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Taxing Ghosts . . . ?


With respect to the President’s infrastructure plan, neither my Republican friends nor my Democratic friends can even agree on which things they actually agree on – situation normal – channeling the Gingrich distinction between governing and winning . . . winning wins.  I do part company with my Democratic friends on this issue.

Of course, I laughed when I read the Democratic proposal to fund the repair of our infrastructure by increasing corporate income taxes.  Long-time budget analysts will remember the old joke that new taxes must always be imposed on “not you or me but the guy hiding behind the tree.”

Suppose you’re a company whose electric bills double, triple, quadruple, or whatever.  Unless you raise prices, your income statement will show increased expenses and therefore decreased profit.  Since corporate profits are “the mother’s milk of stock prices,” the value of your shares should decrease . . . at least in the short-term.  This is one way to cool-off an over-heated stock market.  (Cooling-off is different from crashing the stock market.) Since the very wealthy own well over 50% of the stock market, the new corporate income tax falls more heavily on the very wealthy.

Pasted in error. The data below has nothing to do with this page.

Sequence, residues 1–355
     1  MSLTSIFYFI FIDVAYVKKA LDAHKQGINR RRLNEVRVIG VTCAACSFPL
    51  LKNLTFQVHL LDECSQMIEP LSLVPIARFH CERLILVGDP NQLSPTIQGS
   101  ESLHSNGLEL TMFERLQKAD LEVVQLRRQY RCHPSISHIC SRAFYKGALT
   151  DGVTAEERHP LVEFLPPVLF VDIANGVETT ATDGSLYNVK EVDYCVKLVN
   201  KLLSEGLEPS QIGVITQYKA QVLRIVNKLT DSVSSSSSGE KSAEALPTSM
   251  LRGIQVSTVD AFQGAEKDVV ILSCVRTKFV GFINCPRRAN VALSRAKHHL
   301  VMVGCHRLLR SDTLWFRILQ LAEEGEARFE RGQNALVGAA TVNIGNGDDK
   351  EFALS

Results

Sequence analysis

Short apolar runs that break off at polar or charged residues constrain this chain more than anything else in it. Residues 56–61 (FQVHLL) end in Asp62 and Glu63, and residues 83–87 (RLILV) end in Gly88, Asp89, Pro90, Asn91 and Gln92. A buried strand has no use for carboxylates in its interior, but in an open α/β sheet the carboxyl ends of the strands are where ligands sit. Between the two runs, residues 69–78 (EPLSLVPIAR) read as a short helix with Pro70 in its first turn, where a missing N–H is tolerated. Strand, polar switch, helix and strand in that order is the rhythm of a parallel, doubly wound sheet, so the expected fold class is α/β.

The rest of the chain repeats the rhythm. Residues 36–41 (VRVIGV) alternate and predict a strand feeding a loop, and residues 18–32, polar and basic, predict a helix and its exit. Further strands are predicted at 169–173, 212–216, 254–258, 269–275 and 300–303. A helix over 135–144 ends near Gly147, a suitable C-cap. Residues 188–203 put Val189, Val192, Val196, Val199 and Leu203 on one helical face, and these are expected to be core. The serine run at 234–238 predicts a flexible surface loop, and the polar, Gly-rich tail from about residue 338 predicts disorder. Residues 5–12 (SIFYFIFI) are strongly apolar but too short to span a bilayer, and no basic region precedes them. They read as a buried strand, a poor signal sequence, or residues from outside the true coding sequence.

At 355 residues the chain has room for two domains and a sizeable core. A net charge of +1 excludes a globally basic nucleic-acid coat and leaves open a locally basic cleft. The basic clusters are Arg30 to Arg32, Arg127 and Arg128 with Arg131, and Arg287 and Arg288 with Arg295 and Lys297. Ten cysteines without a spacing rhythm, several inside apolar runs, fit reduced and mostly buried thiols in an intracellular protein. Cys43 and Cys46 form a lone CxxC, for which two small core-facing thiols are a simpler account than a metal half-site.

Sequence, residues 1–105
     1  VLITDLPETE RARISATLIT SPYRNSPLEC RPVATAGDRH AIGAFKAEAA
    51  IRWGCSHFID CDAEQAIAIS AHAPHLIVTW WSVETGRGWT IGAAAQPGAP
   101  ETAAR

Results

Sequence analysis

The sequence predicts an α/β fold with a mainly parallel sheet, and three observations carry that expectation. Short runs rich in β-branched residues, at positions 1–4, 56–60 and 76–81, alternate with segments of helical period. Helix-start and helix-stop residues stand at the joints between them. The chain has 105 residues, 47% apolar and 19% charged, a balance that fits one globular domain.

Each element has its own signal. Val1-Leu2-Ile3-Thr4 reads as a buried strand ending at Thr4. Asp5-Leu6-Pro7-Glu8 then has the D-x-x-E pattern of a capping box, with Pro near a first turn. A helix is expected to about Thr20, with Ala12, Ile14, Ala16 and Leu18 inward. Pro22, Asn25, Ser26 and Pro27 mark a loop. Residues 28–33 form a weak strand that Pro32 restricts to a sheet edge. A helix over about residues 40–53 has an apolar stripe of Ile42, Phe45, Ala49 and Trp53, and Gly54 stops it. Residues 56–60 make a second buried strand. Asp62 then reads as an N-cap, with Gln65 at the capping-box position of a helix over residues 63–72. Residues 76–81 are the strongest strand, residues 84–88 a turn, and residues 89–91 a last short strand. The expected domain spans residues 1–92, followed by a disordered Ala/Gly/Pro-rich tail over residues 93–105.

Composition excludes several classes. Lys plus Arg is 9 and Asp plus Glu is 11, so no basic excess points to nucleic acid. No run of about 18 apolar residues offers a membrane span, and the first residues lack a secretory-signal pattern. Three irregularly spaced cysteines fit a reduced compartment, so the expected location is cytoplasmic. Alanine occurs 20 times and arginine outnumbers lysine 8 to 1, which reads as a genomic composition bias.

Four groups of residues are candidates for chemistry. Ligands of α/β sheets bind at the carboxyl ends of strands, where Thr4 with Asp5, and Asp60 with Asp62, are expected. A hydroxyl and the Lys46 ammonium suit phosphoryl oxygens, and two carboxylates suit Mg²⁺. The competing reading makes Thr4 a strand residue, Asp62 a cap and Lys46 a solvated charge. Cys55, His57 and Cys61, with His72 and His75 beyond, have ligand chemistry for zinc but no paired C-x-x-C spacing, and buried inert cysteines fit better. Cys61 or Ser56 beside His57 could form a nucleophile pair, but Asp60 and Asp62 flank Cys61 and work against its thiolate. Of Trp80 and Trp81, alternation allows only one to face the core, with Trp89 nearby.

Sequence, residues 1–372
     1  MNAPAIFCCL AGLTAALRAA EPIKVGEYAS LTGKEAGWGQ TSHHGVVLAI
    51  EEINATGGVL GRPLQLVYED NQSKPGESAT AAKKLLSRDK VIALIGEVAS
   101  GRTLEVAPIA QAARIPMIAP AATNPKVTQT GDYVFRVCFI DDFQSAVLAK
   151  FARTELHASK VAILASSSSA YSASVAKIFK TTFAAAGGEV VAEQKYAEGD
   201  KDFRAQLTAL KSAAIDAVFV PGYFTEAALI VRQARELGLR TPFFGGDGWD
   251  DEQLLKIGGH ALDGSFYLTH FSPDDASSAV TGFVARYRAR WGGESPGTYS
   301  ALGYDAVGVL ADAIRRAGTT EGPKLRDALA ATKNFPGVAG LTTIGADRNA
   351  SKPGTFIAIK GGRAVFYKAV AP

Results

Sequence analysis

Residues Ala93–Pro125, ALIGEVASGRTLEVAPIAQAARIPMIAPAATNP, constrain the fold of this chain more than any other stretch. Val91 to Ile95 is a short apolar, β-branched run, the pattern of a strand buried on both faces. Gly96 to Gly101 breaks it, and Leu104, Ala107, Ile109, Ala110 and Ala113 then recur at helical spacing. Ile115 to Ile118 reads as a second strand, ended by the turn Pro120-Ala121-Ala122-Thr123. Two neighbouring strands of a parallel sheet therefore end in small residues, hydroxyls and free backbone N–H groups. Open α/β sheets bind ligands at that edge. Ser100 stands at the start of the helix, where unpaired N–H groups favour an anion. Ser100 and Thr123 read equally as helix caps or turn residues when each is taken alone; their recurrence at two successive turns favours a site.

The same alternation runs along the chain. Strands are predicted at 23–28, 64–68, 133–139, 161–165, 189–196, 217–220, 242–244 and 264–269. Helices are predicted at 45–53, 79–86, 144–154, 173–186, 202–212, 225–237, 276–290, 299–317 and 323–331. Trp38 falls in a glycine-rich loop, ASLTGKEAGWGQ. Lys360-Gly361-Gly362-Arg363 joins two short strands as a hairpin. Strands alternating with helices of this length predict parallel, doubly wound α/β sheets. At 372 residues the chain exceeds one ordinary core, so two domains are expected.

However, if you can raise prices, your customers will be paying for the increased taxes.  Poor people spend a higher percentage of their income.  This is called the marginal propensity to consume (MPC).  They also have a lower marginal propensity to save (MPS).  Therefore, poor people will pay a larger percentage of their income on the higher prices.  That is called regressive taxation.  In addition, increasing prices could feed inflationary expectations.

Corporations are neither good or bad.  They are mere legal ghosts – artificial people created by lawyers.  Why not show some honesty by simply increasing income taxes on the very wealthy?  At least they exist!  Of course, taxing corporations instead of human beings is a less apparent way of taxing and is more popular with voters.

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